Glean: to recover value in the South

South Ways Roundtable: Glean

28 June 3-5pm Contemporary Art Tasmania, Hobart

What does it mean to make art in the South? How does living at the end of the world condition what we see? The Hobart roundtable considers particularly the creative act of gleaning as a means of recovering what is otherwise left behind. This can apply to not only material detritus but also lost histories that have been overlooked in the march to progress and empire.

Eliosa Cartonera, Buenos Aires

Eliosa Cartonera, Buenos Aires

As the southern city, of the southern island, of the Great Southern Land, Hobart is extreme south. What are the opportunities that this unique place in the world provides for creative practice? What does it mean to be in the South?

From ‘classical civilisation’, we have inherited the concept of antipodes, which projected onto the ‘underside’ of the world an inversion of the established order. In the Middle Ages this engaged popular imagination, with images of people who had feet on their heads. With colonisation, the South was associated with barbarity, inviting a superior North to introduce progress while gathering up its under-used wealth.

In recent years, a new body of thought has emerged under the loose title of Southern Theory. Though mainly focused on sociology, it does have potential application to creative practice. The aim of Southern Theory is to understand the periphery in its own terms, rather than those imposed from outside. Primitivism in particular casts the South in a foreign gaze, seeing it as the home of an innocence that has been lost to civilisation in the process of development.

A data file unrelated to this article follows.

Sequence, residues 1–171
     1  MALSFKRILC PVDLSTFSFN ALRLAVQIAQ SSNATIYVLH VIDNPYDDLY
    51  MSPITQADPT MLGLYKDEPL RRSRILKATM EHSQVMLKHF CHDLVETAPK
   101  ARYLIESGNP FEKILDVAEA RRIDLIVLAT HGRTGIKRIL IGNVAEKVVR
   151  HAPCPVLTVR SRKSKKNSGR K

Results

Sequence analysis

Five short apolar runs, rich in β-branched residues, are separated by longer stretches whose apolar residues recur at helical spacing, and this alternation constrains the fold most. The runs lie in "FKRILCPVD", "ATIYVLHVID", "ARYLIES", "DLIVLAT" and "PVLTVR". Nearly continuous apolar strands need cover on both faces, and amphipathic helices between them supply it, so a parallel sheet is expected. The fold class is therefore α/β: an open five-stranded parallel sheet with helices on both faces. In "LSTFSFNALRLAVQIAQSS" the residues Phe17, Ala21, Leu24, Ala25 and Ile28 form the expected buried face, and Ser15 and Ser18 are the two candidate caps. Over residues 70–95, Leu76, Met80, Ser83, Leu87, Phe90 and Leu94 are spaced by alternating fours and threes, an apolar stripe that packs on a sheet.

Many theorists turn instead to indigenous concepts, such as the Andean value of sumak kawsay (‘good life’) that has become part of the constitution in Bolivia and Ecuador. So what are creative practices that might be particular to the South?

In the roundtables for South Ways, we have been exploring those that provide an alternative to the mainstream art market. This has included art as gift (Wellington), art that reveals its hidden labour (Melbourne) and art that reverses hierarchies (Sydney). In considering what making art in the South might be, we now turn to the practice of gleaning, making something of value out of what is otherwise left over.

This can include art that: uses the waste generated by consumer culture, works with those who have little function in a capitalist economy, and brings to the surface stories that have been lost in the rush to ‘progress’. The roundtable is a space to explore a number of questions:

  • What does it mean to make art in the South?
  • What does living at the ‘end of the world’ enable?
  • How can art give meaning to the waste produced by consumerism?
  • Is gleaning a refuge of the desperate or an honourable response to the world we live in?
  • What are the stories that have been left behind and how can art recover them?

A report on the meeting is available here.


The key reference is an outline of Buen Vivir, an attempt to adopt indigenous concepts of environment into the constitutions of Latin American countries, beginning with Ecuador and Bolivia. A key voice is the Uruguayan ecologist, Eduardo Gudynas.
Gudynas, Eduardo. 2014. “Good Life: Germinating Alternatives to Development – América Latina En Movimiento.” ALAI, América Latina En Movimiento.

A bibliography is available on the Zotero platform here. You can also follow the thread on Google Plus.

Relevant links:

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Image: Moon over Hobart creative commons licence from Mike Rowe; Eliosa Cartonera creative commons license through flickr from La Mar salá

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